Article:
Not many yachts in Rodney Bay
Phil May and Andrea Twigg
Sun 17 Feb 2019 23:31
According to the Caribbean Security Network, St Lucia leads the table for crimes against cruisers. Only yesterday we heard a cruiser reporting theft of his dinghy during the night. Someone is going round the bay at night with a pair of wire cutters. You would think the police would spend a few days with night vision goggles to catch the culprit.
The cruising community is very influenced by the security reports. There are currently 30 yachts anchored in Rodney Bay, a bay that can house hundreds (there are around 500 yachts anchored in a similar bay in neighbouring Martinique). It doesn’t help that there is no policing of the jetskis speeding around the yachts, which makes it dangerous to swim off the back of the boat.
Enough of the complaining. The water is pretty clean here and you get some good sunsets behind the “Barrel of Beef” rock at the entrance to the bay.
Not only that, but the local inhabitants come and clean your hull for free! Andrea got this picture of a filefish feasting on our rudder.
And you do get some amusement from the other yachts. We can only think these people were having a lie in and didn’t hear their mainsail slapping against the water. (They emerged after half an hour to recover the sail.)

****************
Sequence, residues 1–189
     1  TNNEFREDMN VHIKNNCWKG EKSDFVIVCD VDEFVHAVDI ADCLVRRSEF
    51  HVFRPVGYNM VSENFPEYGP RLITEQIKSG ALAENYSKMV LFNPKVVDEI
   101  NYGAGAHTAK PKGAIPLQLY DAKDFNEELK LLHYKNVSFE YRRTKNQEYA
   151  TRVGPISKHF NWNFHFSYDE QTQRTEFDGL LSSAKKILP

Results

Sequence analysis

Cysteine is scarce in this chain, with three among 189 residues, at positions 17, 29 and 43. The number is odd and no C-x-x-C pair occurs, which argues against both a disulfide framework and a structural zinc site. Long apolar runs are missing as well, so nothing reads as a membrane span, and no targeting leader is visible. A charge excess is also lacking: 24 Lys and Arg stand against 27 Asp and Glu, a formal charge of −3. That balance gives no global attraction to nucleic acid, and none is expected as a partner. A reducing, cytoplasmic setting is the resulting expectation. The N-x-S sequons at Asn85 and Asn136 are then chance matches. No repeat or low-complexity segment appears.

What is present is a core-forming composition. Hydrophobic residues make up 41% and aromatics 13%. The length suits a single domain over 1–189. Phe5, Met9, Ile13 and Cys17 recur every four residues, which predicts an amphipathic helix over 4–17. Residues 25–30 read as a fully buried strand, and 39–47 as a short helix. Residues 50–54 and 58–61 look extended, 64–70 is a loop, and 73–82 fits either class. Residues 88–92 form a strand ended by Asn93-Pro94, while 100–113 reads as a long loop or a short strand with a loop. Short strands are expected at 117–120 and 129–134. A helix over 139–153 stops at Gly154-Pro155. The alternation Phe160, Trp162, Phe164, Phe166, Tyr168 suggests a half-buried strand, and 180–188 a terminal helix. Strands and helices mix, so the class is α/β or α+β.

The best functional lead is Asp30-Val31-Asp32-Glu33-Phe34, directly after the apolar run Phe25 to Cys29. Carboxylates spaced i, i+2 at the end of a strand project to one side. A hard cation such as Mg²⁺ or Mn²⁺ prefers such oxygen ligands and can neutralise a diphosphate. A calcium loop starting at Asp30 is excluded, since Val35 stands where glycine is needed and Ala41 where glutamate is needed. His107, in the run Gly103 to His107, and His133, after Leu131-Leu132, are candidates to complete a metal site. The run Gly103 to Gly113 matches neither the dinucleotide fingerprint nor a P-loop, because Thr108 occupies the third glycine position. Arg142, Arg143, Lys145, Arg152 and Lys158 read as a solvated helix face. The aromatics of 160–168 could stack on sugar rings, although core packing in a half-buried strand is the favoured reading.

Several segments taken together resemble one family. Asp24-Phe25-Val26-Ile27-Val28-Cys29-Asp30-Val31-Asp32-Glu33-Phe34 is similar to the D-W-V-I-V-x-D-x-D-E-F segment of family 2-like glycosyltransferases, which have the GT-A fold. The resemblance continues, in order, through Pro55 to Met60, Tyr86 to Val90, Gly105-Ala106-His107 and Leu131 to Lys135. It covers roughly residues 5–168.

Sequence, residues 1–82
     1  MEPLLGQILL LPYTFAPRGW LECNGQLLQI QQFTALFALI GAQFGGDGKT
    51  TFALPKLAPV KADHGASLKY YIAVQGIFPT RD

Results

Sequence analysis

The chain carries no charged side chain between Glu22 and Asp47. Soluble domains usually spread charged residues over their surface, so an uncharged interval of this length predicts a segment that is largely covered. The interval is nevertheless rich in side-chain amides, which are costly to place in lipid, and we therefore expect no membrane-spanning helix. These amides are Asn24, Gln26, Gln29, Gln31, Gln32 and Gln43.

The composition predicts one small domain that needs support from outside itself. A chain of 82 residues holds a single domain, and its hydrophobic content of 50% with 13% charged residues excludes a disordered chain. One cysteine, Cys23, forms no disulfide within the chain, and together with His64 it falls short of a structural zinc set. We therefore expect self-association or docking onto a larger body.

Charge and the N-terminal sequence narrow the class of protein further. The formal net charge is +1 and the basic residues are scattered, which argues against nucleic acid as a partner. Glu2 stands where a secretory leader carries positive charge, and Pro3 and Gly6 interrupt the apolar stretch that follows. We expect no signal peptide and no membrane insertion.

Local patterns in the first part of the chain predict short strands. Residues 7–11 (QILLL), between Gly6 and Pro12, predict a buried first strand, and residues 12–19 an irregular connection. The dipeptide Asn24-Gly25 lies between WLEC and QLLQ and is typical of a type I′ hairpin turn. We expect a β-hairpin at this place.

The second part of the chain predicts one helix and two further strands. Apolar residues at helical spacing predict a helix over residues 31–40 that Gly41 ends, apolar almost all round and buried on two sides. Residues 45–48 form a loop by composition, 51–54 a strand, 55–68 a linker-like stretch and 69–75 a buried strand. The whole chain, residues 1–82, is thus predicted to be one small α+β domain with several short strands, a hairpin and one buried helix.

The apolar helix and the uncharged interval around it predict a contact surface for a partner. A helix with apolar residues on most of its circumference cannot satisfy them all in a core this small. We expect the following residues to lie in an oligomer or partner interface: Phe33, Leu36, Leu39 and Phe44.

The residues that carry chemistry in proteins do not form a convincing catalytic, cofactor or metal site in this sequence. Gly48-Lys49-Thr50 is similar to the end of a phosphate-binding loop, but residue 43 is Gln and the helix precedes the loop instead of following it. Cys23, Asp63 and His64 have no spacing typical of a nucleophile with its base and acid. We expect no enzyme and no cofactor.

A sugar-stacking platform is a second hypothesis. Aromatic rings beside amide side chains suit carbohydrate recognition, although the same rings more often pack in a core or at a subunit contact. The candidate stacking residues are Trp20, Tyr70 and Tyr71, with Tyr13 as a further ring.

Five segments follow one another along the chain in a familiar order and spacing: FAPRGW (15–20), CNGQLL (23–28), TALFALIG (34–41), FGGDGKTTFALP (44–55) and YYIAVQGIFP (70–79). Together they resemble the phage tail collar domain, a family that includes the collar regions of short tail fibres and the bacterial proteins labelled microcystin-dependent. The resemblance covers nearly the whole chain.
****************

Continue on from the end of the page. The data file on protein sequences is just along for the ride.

It has been quite windy recently and some people have been unfortunate with their sails.
For anyone interested in the ongoing saga of repairs, our port engine instruments blanked out as we were anchoring. The Helm Information Unit has failed and needs to be replaced.
The generator boiled when we tried to make water on the way here, which was disappointing because it was one of the few things that seemed to have survived the two year break. After cleaning intakes, strainers, filters and impellers it still boiled over. I removed the thermostat for testing, but it opened fine in a mug of boiling water. So I removed the heat exchanger to find the two years of corrosion heaped up inside it. Obviously the first couple of runs just served to shift the sediment to the lowest part of the system, the heat exchanger, which was just letting a trickle of water through. Half an hour with acid inside and it is all sorted and we made water today. Yay.
The engine room bilge pumps were coming on periodically during our crossing from St Vincent. I think is the shaft seals leaking because all the sea-life on the propellers was causing them to judder when rotating. We have cleaned the props and will see if that fixes the leak.